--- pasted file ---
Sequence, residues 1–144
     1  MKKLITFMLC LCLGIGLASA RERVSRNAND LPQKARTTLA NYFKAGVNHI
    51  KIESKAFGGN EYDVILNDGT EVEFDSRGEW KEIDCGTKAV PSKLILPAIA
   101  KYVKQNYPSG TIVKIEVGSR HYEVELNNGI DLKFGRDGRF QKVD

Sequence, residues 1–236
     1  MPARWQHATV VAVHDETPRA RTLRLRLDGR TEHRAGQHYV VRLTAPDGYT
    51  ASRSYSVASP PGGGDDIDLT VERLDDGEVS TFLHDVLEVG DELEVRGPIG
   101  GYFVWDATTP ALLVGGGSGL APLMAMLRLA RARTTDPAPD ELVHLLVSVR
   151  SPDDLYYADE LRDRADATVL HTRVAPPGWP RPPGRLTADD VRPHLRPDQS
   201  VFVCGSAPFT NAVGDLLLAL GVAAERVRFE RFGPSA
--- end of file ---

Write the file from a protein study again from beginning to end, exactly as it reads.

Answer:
Sequence, residues 1–144
     1  MKKLITFMLC LCLGIGLASA RERVSRNAND LPQKARTTLA NYFKAGVNHI
    51  KIESKAFGGN EYDVILNDGT EVEFDSRGEW KEIDCGTKAV PSKLILPAIA
   101  KYVKQNYPSG TIVKIEVGSR HYEVELNNGI DLKFGRDGRF QKVD

Sequence, residues 1–236
     1  MPARWQHATV VAVHDETPRA RTLRLRLDGR TEHRAGQHYV VRLTAPDGYT
    51  ASRSYSVASP PGGGDDIDLT VERLDDGEVS TFLHDVLEVG DELEVRGPIG
   101  GYFVWDATTP ALLVGGGSGL APLMAMLRLA RARTTDPAPD ELVHLLVSVR
   151  SPDDLYYADE LRDRADATVL HTRVAPPGWP RPPGRLTADD VRPHLRPDQS
   201  VFVCGSAPFT NAVGDLLLAL GVAAERVRFE RFGPSA